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dc.contributor.authorWright, Brielle Simoneen_US
dc.date.accessioned2014-12-24T09:00:07Z
dc.date.available2014-12-24T09:00:07Z
dc.date.issued2014-12-23en_US
dc.identifier.othervt_gsexam:3939en_US
dc.identifier.urihttp://hdl.handle.net/10919/51158
dc.description.abstractIt is projected that the majority population will become the minority population by 2050. In order to serve the needs of an ethnically diverse U.S. population, corporate agribusinesses are encouraged to employ an ethnically diverse workforce. The purpose of this research was to understand how attitudes, subjective norms, and perceived behavioral control in the workplace affects the intent of underrepresented groups to remain in working for their current corporate agribusiness. In current agriculture research, there are very few studies that focus on the experiences of underrepresented groups in corporate agribusinesses. There is also very little research and public information that provides the number of underrepresented students who are recruited and retained in corporate agribusinesses from year to year. For this reason the author sought to explore the experiences of underrepresented groups who work for agricultural organizations and gain an understanding of factors that impact their intentions to maintain a career in the field. Using a phenomenological qualitative research study design, individual interviews were conducted with underrepresented employees from various corporate agribusinesses from across the United States. A review of the findings indicate that underrepresented groups who work for corporate agribusinesses are satisfied with their jobs in terms of compensation, work/life balance, and the opportunities for advancement. Yet, they are sometimes faced with micro-aggressions, at times feel they are treated differently because of their race, and often work in cultural climates that lack inclusion and/or cultural intelligence. As a result the majority of the participants who participated in the study felt that they would remain with their corporate agribusiness employer until they found a new company to work for, started their own business, or a better opportunity presented itself. The findings from this study also show that anyone seeking employment in corporate agribusinesses need to have effective communication skills, cultural and emotional intelligence, agricultural competency, and a true passion for their field of agriculture in order to be successful in the industry. Other findings show that underrepresented groups and their White counterparts need to be educated on the contributions that underrepresented groups have made to the agricultural field in efforts to change the negative perceptions that underrepresented groups have about agriculture.en_US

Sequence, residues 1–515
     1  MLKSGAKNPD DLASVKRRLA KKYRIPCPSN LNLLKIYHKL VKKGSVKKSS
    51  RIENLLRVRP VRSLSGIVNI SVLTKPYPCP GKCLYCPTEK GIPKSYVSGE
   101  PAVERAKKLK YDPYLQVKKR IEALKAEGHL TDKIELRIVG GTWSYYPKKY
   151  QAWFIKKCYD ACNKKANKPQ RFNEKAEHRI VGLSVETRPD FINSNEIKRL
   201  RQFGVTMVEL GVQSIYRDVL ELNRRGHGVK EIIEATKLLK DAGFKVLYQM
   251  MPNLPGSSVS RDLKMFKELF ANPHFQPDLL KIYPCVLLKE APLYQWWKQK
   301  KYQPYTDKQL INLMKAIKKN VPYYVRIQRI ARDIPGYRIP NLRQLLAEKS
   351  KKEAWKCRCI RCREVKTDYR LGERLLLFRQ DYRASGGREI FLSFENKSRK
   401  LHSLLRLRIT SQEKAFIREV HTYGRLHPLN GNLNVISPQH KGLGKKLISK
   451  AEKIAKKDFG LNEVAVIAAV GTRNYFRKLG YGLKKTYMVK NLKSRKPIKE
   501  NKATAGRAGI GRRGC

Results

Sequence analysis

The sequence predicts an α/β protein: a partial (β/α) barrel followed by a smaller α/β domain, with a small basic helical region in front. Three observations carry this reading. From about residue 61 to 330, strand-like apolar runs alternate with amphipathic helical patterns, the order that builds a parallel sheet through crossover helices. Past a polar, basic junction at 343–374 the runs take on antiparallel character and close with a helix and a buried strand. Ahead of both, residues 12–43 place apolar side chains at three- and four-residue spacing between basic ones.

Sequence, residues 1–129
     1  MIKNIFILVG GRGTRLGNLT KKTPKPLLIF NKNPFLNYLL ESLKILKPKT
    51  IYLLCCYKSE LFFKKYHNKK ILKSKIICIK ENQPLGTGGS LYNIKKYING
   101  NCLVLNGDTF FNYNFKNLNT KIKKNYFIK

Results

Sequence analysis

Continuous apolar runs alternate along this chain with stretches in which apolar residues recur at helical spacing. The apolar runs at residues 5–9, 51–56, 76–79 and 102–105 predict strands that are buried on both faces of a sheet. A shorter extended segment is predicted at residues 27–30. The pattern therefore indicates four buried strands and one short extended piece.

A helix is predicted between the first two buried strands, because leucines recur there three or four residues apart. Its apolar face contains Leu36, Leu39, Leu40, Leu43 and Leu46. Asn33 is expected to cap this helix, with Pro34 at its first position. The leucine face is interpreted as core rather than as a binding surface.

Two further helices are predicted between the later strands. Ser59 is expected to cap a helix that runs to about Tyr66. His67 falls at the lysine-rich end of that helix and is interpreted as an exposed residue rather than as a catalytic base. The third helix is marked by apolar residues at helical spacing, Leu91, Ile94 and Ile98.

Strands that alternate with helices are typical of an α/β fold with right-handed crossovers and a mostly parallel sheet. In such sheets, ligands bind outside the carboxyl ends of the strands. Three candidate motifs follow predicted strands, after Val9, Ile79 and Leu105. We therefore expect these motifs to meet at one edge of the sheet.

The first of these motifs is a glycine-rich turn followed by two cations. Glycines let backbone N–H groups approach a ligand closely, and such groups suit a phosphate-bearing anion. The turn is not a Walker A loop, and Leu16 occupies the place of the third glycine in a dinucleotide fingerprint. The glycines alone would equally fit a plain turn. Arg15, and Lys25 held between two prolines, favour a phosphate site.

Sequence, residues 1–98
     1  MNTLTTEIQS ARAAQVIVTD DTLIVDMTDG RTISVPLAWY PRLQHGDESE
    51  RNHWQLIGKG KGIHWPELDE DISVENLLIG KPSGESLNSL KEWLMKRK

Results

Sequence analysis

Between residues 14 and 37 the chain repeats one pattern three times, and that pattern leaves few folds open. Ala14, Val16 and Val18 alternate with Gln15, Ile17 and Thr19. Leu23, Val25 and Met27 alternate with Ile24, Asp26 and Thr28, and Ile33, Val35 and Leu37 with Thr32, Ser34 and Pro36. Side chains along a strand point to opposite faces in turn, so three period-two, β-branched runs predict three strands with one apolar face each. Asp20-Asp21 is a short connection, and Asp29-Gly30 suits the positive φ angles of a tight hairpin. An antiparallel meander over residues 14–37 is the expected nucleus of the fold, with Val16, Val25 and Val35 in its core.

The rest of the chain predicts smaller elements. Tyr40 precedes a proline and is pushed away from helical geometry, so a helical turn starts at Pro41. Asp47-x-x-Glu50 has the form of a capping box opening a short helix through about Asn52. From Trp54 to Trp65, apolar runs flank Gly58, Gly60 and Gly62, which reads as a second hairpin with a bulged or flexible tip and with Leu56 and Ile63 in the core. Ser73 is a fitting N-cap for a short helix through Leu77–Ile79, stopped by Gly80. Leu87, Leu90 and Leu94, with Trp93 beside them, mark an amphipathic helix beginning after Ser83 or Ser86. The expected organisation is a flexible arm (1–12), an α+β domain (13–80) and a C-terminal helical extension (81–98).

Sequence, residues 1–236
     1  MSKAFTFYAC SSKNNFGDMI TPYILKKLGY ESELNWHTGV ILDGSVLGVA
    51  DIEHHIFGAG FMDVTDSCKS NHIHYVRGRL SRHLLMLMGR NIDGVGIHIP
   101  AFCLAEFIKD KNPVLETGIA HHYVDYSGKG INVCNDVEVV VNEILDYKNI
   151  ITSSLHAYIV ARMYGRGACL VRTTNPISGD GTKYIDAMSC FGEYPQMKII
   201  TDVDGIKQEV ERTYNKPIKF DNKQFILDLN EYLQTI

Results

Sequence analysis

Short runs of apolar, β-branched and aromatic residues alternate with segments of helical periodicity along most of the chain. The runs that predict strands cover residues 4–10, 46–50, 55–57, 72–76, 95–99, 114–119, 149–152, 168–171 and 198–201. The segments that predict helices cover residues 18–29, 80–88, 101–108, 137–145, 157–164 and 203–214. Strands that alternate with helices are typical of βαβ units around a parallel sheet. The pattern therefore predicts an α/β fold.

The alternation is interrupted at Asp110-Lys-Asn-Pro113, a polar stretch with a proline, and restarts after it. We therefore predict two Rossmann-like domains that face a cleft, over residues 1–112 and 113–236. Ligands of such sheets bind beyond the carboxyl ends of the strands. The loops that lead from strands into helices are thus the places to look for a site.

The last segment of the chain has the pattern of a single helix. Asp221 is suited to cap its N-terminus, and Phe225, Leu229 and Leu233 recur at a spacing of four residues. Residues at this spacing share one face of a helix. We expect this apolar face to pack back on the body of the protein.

dc.format.mediumETDen_US
dc.publisherVirginia Techen_US
dc.rightsThis Item is protected by copyright and/or related rights. Some uses of this Item may be deemed fair and permitted by law even without permission from the rights holder(s), or the rights holder(s) may have licensed the work for use under certain conditions. For other uses you need to obtain permission from the rights holder(s).en_US
dc.subjectAgribusinessen_US
dc.subjectDiversityen_US
dc.subjectRecruitmenten_US
dc.subjectRetentionen_US
dc.subjectUnderrepresented Groupsen_US
dc.titleRetention of underrepresented groups in corporate agribusinesses: Assessing the intentions of underrepresented groups to remain working for corporate agribusinessesen_US
dc.typeThesisen_US
dc.contributor.departmentAgricultural and Extension Educationen_US
dc.description.degreeMaster of Science in Life Sciencesen_US
thesis.degree.nameMaster of Science in Life Sciencesen_US
thesis.degree.levelmastersen_US
thesis.degree.grantorVirginia Polytechnic Institute and State Universityen_US
thesis.degree.disciplineAgricultural and Extension Educationen_US
dc.contributor.committeechairFriedel, Curtis Roberten_US
dc.contributor.committeememberFaulkner, Paula E.en_US
dc.contributor.committeememberAnderson, James C.en_US


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